“Our mission is to champion healthier and more responsible food for all, which means as a chief food player, we need to have an active role in changing the food system … because we are at a turning-point [environmentally] and we need to make some changes” to be more sustainable, Caroline Sorlin, chief venture officer at Bel, told FoodNavigator-USA.
Part of this change is the company’s ongoing and aggressive efforts to reduce the impact of its dairy-based business through regenerative agriculture and other initiatives, but this is not enough, Sorlin said.
“We need to find other solutions. And so we are rebalancing our portfolio to be half alternative-dairy, which includes our existing plant-based products, including our plant-based BabyBel, Nurishh portfolio, and other products, which we think taste great, but which we think we can do better,” including around taste, nutrition and function, she explained.
Sorlin acknowledged this is a tall order given the challenges of recreating dairy cheese’s ability to melt and stretch when heated, complex flavor-profile and nutrient-density – all of which remain stubborn sticking points for players across the plant-based cheese category.
“We think we can do better, and doing better means exploring the world of the plant kingdom. But doing that, is a nightmare for people like us,” Sorlin admitted, laughing. “We realized we cannot do it by ourselves, but with help from artificial intelligence we thought we might find the right plants with the right proportions and in the right combination to mimic dairy cheese.”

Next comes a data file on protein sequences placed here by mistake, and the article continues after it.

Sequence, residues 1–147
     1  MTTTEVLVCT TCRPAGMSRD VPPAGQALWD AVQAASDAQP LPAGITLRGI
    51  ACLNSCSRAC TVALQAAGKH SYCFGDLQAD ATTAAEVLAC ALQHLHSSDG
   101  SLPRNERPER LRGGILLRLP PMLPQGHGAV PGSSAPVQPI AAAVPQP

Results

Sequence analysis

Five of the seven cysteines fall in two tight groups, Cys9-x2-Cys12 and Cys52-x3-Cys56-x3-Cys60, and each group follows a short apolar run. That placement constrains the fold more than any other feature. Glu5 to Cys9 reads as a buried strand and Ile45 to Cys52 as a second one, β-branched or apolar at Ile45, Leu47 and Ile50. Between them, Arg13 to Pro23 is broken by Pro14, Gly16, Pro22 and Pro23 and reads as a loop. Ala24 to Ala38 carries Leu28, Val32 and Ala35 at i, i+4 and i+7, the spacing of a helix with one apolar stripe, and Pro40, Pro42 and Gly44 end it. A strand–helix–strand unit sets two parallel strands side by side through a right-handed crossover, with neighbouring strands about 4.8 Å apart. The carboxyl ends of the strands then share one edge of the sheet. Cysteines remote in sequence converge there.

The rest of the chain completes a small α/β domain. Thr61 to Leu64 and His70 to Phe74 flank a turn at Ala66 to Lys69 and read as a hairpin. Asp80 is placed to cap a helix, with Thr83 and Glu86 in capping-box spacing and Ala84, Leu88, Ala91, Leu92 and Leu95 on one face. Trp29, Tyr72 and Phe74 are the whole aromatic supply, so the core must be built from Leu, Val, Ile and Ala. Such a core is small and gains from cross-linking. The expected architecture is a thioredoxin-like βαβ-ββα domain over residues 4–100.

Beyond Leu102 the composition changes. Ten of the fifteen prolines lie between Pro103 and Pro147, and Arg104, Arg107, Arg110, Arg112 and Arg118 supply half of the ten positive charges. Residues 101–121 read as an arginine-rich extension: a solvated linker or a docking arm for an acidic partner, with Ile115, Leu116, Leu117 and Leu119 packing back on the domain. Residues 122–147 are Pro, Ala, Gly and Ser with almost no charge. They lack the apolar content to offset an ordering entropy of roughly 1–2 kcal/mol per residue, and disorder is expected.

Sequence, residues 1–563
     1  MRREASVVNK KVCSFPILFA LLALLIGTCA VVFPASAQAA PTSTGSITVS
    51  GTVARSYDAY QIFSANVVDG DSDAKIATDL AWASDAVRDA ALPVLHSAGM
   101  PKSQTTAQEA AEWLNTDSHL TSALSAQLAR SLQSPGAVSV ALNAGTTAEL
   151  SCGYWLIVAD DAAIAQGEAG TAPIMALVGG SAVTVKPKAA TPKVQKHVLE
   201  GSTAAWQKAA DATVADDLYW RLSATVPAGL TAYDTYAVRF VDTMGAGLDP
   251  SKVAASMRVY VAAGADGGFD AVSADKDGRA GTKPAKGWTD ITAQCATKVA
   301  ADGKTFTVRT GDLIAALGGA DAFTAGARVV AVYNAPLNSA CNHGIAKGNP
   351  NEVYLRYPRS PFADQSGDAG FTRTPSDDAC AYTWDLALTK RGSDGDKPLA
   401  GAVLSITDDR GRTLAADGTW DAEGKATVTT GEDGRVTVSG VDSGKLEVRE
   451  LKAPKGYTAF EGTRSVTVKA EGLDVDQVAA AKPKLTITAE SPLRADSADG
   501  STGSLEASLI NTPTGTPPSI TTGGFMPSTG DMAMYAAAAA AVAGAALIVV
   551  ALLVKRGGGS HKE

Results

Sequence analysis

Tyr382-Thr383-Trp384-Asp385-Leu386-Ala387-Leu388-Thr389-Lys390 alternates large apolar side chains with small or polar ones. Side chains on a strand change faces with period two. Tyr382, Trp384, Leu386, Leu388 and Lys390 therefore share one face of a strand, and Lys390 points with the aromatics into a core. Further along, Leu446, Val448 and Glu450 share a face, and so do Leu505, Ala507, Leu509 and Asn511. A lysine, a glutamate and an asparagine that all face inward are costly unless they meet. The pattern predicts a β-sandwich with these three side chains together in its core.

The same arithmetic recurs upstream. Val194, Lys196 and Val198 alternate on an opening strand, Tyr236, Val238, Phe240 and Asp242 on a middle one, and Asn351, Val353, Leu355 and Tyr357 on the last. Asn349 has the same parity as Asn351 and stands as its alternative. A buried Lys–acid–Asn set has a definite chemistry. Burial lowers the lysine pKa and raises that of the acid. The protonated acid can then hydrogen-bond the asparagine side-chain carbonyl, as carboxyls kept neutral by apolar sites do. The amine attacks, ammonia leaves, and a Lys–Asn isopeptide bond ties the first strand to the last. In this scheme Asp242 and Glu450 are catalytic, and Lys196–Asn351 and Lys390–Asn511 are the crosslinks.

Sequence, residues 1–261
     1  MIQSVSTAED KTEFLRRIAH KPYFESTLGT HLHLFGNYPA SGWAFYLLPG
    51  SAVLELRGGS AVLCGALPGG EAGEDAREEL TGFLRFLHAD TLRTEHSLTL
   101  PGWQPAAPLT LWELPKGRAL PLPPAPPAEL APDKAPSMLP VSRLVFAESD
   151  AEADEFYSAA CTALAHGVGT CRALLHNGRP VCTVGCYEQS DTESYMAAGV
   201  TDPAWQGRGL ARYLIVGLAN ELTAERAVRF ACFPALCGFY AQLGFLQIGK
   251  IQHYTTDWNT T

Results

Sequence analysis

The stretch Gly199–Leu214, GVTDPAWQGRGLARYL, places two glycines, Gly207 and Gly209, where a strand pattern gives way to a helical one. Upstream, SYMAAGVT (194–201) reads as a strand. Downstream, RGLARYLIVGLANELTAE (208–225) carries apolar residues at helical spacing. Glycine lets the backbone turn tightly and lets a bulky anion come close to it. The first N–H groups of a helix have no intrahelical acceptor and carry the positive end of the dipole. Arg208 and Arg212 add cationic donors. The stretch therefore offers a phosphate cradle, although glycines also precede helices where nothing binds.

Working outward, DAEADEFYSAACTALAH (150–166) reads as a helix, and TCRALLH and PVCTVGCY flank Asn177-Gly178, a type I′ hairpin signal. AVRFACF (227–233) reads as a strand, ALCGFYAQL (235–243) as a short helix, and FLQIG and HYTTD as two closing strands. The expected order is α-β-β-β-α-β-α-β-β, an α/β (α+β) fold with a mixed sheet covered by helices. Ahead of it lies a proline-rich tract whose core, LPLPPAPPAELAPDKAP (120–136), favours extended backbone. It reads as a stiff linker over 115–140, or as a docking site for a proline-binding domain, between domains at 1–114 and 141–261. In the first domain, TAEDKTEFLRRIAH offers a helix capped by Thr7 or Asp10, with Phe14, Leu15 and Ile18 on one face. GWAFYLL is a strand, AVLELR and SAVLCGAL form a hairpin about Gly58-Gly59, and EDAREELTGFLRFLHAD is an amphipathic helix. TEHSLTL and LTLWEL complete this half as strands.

Enter Climax Foods Inc. – a frontrunner in using artificial intelligence and machine learning to quickly and accurately scour the plant kingdom to find proteins, lipids, flavors, precursors and other elements to recreate animal products, including several high-end cheeses that “no one can tell apart from dairy in blind tastings,” according to Oliver Zahn, CEO and founder of Climax Foods, Inc.
He explained to FoodNavigator-USA that Climax Foods used cheese – “which checks a lot of the boxes of what constitutes a food product because it has a complex protein-lipid-carb maxtrix, is fermented and delivers a lot of functionalities people care about, like melt and stretch” – to train its Deep Plant Intelligence platform to recreate from scratch complex foods using plants much more quickly than people.
Bel’s scale, commitment to sustainability attracted Climax Foods
But as a small team, Climax Foods wasn’t able to take these learnings to the mass market – which is what Bel Foods brings to the partnership.
“Their R&D capabilities are very, very impressive, and they apply a lot of the very similar analytical methods that we use at Climax … and the idea that we could share instrumentation to collect much more data together… was very, very exciting,” Zahn said.
As was the appeal of Bel’s scale and dozens of factories around the globe to make products in large enough quantities and at a price point comparable to dairy so that more people could access them, added Zahn.